If there is anything that aided the Barjatya group in their filmâ€™s successes it is the music. Though their films always had â€śsafeâ€ť content (the stuff any family would go back to watch), their music was always sweet, syrupy and in one word- excellent. Raam Laxman always gave them their best and with Maine Pyar Kiya, the biggest hit of 1989, their music was such a delight that well, you canâ€™t help but not love it.
Lata Mangeshkar and S.P. Balasubrhmanium made an excellent vocal duo in this soundtrack. They complimented each otherâ€™s vocals excellently matching each otherâ€™s step to step. Whether it is in their respective solos, â€śDil Deewanaâ€ť or in the upbeat lovable number â€śAaja Shaam Ho Ne Aayeâ€ť and â€śAate Jaate Hanste Gaateâ€ť. Dev Kohliâ€™s playful lyrics are quite enjoyable amongst RamLaxmanâ€™s melody.
â€śDil Deewanaâ€ť was probably one of the first tunes to hold the title before Sameer started using it over and over again in his future projects. Still with that being the case we have no reason not to appreciate the lovely duet. Especially when it is repeated twice on the soundtrack. Asad Bhopali penned some wonderful tunes here, this being one of them.
â€śKabootar Ja Jaâ€ť, a song situational to the film ends up being so loveable that itâ€™s a tune one would hum on a spring day chasing away the pigeons. Sound corny? Lata Mangeshkar sounding as sweet as ever will surely convince you otherwise.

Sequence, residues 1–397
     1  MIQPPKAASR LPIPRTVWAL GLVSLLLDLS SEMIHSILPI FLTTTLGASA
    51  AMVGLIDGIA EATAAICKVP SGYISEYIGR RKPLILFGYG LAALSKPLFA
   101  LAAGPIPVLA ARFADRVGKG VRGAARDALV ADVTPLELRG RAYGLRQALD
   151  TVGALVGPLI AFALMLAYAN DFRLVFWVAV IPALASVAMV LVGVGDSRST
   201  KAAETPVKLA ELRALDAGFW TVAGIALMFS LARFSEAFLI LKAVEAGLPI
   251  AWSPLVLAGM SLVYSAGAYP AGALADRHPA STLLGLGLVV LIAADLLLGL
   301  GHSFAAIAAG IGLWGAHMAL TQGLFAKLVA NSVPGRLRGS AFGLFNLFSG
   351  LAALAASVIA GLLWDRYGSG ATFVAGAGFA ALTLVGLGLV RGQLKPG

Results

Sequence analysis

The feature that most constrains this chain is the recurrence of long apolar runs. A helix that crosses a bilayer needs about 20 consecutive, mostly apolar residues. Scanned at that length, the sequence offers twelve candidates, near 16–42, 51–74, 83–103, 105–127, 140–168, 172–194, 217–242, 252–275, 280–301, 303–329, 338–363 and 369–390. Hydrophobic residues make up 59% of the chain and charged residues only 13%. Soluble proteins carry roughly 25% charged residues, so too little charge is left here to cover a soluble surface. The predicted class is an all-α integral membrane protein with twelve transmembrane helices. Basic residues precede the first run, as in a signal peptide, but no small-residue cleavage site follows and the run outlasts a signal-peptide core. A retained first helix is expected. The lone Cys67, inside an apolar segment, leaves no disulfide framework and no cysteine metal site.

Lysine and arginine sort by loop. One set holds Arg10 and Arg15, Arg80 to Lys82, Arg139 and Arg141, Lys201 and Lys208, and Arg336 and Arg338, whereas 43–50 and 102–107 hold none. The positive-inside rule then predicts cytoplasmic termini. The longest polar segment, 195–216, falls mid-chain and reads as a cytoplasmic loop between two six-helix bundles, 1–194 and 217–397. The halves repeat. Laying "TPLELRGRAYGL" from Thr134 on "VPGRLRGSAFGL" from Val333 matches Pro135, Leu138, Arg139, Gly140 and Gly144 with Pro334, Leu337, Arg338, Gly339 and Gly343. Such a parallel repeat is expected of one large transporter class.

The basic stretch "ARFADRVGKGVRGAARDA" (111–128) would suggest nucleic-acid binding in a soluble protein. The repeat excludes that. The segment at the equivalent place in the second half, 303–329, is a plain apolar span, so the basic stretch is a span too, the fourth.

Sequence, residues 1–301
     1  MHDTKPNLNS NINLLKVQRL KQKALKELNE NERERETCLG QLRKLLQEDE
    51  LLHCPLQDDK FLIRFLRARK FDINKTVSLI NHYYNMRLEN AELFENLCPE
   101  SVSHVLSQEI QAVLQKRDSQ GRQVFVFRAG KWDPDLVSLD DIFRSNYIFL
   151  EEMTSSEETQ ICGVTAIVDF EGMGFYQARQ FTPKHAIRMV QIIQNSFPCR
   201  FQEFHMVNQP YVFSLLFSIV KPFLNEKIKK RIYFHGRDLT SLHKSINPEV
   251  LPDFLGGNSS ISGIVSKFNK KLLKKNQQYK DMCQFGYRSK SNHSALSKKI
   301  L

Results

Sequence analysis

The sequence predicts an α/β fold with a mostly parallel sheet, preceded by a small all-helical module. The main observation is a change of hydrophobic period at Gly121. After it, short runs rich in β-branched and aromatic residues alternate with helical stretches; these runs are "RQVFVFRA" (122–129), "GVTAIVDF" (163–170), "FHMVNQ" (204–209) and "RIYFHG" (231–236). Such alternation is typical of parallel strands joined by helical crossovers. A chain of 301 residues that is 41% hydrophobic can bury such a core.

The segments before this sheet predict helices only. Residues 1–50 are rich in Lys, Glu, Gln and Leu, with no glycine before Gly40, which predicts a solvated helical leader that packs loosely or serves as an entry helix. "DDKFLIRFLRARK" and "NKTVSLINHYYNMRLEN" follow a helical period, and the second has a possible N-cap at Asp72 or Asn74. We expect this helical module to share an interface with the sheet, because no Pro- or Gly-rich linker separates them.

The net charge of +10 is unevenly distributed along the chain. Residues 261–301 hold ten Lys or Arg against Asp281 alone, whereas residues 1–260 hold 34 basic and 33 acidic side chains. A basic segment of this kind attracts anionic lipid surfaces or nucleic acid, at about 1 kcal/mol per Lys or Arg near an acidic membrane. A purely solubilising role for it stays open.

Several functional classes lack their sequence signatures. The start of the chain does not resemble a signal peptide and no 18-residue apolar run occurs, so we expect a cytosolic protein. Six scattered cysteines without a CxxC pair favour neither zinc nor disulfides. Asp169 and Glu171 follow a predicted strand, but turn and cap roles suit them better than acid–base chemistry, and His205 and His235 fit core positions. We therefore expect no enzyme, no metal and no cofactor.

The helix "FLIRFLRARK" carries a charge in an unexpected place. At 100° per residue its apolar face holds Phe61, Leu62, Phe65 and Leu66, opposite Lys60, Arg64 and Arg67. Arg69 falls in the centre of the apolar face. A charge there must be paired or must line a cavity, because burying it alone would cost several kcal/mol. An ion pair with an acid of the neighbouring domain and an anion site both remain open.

Lively, smiling and dancing, the Barjatya motto? â€śAaye Mausam Dosti Kiâ€ť surely says that, a chummy song about friends that flows well with the happy tunes on the soundtrack with Lata, her sister Usha, S.P. and Shailendra Singh singing to match the mood. Asadâ€™s lyrics here are fun.
â€śMaine Pyar Kiyaâ€ť penned by Asad Bhopali and â€śAata Jaate Hanste Gaateâ€ť penned by Dev Kohli are the two title tracks. The latter is just as sweet though clearly ripped off from the American jazz tune â€śI Just Called To Say I Love Youâ€¦â€ť Either way R-L have done a good job copying the tune! The former is a qawaali styled track opening up with the harmonium and leading us into an infectious ditty with S.P. leading the song straight through! The eighties styled song will without a doubt have you saying, â€śMaine Pyaar Kiya... Pyar Kiyaâ€¦ Pyar Kiyaâ€¦â€ť
Describing the depth of a manâ€™s love is â€śMere Rang Mein Rangne Waliâ€ť a song that once again relies on S.P. to take it to heights that hit the right notes. Asadâ€™s lyrics stand out more than anything. A lot of dramatic intervals and the piano take precedence in what is a good solo.
Itâ€™s been a common practice until the recent Hum Saath Saath Hain to have a semi-classical, semi-shaadi number in the soundtracks of Barjatyaâ€™s films. The songs are most likely not on the cassettes or CDâ€™s released nowadays but serve a purpose more for the film. â€śKahe To He Sajnaâ€ť is this filmâ€™s classical tune. Sharda Sinha sings for the tune.
Ending it all off is another â€śMade-For-Barjatyasâ€ť- Antakshri. These even come around now (and we wonder if they will be in their next release). A mixture of the best of the best itâ€™s a stroll down memory lane brought to us by Lata, S.P., Shailendra and Usha.
There is an element of excellence and true melody in each of these tunes. Not only do the songs become so loveable and memorable but also they make us want to see the film over and over again. Maybe thatâ€™s why the Barjatyasâ€™ are hit directors.